Who Will Be Our New Heroes?

Who are your heroes?

How did they pop up on your radar? What did they do?

Where did they come from? Where are they now?

Our 2010 personification of heroes came up in a lively conversation over dinner recently. A friend of mine kicked it off, bemoaning the reputation of both Baby Boomers (those born between 1946 and 1964) and Generation Xers (those born between 1965 and 1980) as less than glorious. There were six of us dining, all with children who are Millenials (those born between 1981 and 1999).

As he put it, “Ask us, and we’re likely to say that our parents are among our heroes. We mention them first, because we admire them, and then we think of others. I really wonder if our own children will mention us at all!”

My fear, one I’ve had since Managing with Aloha was in its roughest, first-draft form, has been that the reputation of managers and bosses is even worse. What child will answer “a manager” or “a boss” when asked what they want to be when they grow up? Managers and bosses aren’t the first who come to mind when we think of heroic acts and achievements.

“A hero is an ordinary individual who finds the strength to persevere and endure in spite of overwhelming obstacles.” —Christopher Reeve, who most of us knew as Superman

Heroes inspire us. They give us inspiration in abundance because they personify a picture of who we can be, and what we can achieve. Most of our heroes are just like us, with a little something more. They’re human, and because they are, they inspire possibility we feel is reachable.

Sure, it’s fun to think about Superman, some other movie hero, or an Olympian athlete with extraordinary talent in some sport, but I do think my dinner companion is right about how parents have traditionally had an edge. We want them to be our heroes because they are so much like us. It brings possibility closer, and places it in our own two hands.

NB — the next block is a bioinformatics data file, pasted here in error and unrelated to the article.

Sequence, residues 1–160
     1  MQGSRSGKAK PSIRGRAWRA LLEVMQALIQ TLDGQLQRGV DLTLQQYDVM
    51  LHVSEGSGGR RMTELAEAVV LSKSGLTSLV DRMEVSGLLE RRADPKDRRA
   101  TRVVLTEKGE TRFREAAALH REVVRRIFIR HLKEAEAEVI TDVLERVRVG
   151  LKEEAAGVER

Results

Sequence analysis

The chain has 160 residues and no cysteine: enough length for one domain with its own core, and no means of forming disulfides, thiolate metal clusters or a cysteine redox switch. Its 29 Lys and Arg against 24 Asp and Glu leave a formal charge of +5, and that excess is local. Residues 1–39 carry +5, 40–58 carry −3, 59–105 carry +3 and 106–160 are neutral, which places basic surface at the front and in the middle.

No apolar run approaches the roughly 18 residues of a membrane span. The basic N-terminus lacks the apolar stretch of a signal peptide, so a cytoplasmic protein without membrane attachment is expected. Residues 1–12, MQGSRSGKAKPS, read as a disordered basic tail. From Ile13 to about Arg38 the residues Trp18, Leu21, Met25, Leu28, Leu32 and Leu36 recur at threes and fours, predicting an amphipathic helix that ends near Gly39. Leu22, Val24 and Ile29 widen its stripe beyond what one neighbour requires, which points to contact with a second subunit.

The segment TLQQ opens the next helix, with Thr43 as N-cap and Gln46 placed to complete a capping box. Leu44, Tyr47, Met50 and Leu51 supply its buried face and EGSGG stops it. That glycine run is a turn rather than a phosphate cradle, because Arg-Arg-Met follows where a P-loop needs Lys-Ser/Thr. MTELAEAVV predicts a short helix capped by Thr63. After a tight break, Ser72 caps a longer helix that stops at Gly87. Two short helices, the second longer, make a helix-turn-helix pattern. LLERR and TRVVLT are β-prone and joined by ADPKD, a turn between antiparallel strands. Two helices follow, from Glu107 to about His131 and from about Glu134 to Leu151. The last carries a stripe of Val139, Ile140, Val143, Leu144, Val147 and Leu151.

Recently I’ve asked you to think about new job creation, and how you, the Alaka‘i Manager, can impact jobs. There’s no doubt that doing so gives you the chance to be a new kind of hero, admired for helping people in one of the best ways possible.

It’s a wonderful prospect, don’t you think?

What kind of heroes do you think we need in the workplace right now? Why?

Could you be that hero?

Think about having this conversation in one of your workplace huddles: Give it the context of your company environment, industry and discipline. Then listen, to see with your ears. I’d love to hear about the feedback you get, and what you think about it.

sayalakai_rosasay My mana‘o [The Backstory of this posting]
Each Tuesday I write a leadership posting for Say “Alaka‘i” at Hawai‘i’s newspaper The Honolulu Advertiser. If this is the first you have caught sight of my Say “Alaka‘i” tagline, you can learn more on this Talking Story page: About Say “Alaka‘i”.